Dr. Hector N. Hernandez, M.D., P.A.
Dr. Hector N. Hernandez, M.D., P.A. Dr. Hector N. Hernandez, M.D., P.A.
Dr. Hector N. Hernandez, M.D., P.A.
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How Airplane Travel Affects Your Ears

by Hector N. Hernandez, M.D., F.A.C.S.
It has happened to all of us: a crowded flight and a crying baby (or two or three). During the take-off and again during the descent process, the poor baby fusses and cries, while the distraught parents feel helpless and tense.
Why do babies fuss so much during these altitude changes? The same reason your own ears pop during a flight--namely, the effect of air pressure on your middle ear.
An ear is divided into three parts: (1) outer ear, (2) middle ear, and (3) inner ear. The outer ear consists of the external part you see on the side of your head and the ear canal which leads to the eardrum. The middle ear refers to the eardrum itself, middle ear bones, and air pockets that are behind the eardrum and in the mastoid cavities. The inner ear is the location of the nerve endings for hearing and balance organs which are crucial to the body's equilibrium.
During airplane travel, your ears may be exposed to rapid altitude or pressure changes. Because it is partially composed of an air pocket inside your head, the middle ear is particularly vulnerable to these changes in altitude and air pressure.
Ordinarily, your ears will "pop" frequently when you swallow. This "popping" occurs when a small air bubble passes from the back of your nose into your middle ear. The air bubble travels through the Eustachian tube, a thin passage connecting the back of your nose with your middle ear, and is eventually absorbed by the tube's lining. Swallowing and yawning more quickly replenishes this air in your middle ear because these actions move the muscle that opens the Eustachian tube. Swallowing and yawning thus help to equalize the air pressure on both sides of your eardrum.  Intentionally popping your ears (by gently blowing while pinching your nostrils) can also help.
In order to maintain ear comfort, your Eustachian tube must be able to open widely and frequently enough to adjust to air pressure changes. If the air pressure in your eardrum is not equal, your ears can feel blocked. This can occur for a number of reasons. Quick changes in altitude or pressure--such as in airplanes, elevators, or deep sea diving--make it more difficult for the Eustachian tube to do its job. Your Eustachian tube can also be blocked, and thus prevent equalization of your middle ear pressure, when you are suffering from an ordinary cold, nasal allergies, a middle ear infection, and/or a sinus infection.
Because children have particularly narrow Eustachian tubes, they are even more susceptible to blockages than adults. Babies and other young children obviously may not understand they need to swallow on take-off and landing during a flight, thus exacerbating the problem for them. Similarly, they cannot intentionally pop their ears. Parents can help alleviate their children's discomfort, however, by keeping them awake during altitude/pressure changes and encouraging them to suck on a bottle or pacifier.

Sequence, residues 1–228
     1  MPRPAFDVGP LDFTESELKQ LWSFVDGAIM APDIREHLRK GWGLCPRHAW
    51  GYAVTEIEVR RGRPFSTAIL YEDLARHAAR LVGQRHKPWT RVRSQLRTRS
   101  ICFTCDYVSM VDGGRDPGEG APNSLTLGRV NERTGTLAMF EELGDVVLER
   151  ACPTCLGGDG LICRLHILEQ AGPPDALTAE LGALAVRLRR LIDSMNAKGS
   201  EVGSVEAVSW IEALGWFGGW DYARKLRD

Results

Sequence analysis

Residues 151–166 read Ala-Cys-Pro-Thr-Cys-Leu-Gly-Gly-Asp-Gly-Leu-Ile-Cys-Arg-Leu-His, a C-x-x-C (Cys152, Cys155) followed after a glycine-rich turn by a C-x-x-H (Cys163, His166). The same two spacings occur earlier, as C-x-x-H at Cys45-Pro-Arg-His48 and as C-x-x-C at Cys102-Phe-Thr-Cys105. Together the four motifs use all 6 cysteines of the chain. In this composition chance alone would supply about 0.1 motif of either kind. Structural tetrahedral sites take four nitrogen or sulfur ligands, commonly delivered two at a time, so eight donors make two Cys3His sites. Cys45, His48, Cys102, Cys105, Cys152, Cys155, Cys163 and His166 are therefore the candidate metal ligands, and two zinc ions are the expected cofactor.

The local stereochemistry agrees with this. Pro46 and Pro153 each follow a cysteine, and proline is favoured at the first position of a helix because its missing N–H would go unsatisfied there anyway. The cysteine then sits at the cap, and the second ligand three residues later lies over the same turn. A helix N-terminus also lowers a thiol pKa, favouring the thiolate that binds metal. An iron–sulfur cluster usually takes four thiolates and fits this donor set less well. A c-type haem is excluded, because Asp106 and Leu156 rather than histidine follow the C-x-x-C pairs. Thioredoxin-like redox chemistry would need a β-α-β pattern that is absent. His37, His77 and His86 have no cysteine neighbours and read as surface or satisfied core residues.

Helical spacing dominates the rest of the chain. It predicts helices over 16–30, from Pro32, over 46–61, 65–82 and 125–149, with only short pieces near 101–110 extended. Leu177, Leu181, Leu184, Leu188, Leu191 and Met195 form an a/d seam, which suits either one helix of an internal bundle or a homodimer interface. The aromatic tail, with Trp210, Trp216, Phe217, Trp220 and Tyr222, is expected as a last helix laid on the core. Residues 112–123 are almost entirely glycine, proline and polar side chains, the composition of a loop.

1. If you have had recent ear surgery, you should consult your physician prior to flying.
  2. Persons who have ever had ear surgery or those with a history of infections may wish to consult their physicians prior to snorkeling or scuba diving. There are also specific, important guidelines for flying after diving. Find out before you dive or fly.
  3. It is best to avoid flying if you are currently suffering from a cold, allergies, or sinus or middle ear infection.
  4. Over the counter decongestants (in the form of a pill or nasal spray) can alleviate ear fullness sensation caused by flight. Medication should be taken approximately one hour prior to the plane's descent. Pregnant women and those who suffer from heart disease or irregular heart rhythms, high blood pressure, thyroid problems, or nervousness should consult their physicians prior to using such medication.
  5. Unless otherwise specifically ordered by your doctor, over the counter nose sprays should be used for no more than a few days. Typically, after 3 days of use, the same nose sprays which were so helpful initially may actually cause your congestion to worsen.
  6. If you continue to have ear fullness sensation and/or pain after your flight, see your doctor. You may have fluid in your ear or an infection requiring treatment.

Hector N. Hernandez, M.D., P.A.
Medicare Assignment Accepted - New Patients Welcome
21297-A Olean Boulevard Port Charlotte, Florida 33952
Phone: 941-764-0660




Please read our disclaimer. Any information provided on this Web site should not be considered medical advice or a substitute for a consultation with Dr. Hector N. Hernandez or other healthcare professional. If you have a medical problem, contact us for diagnosis and treatment.

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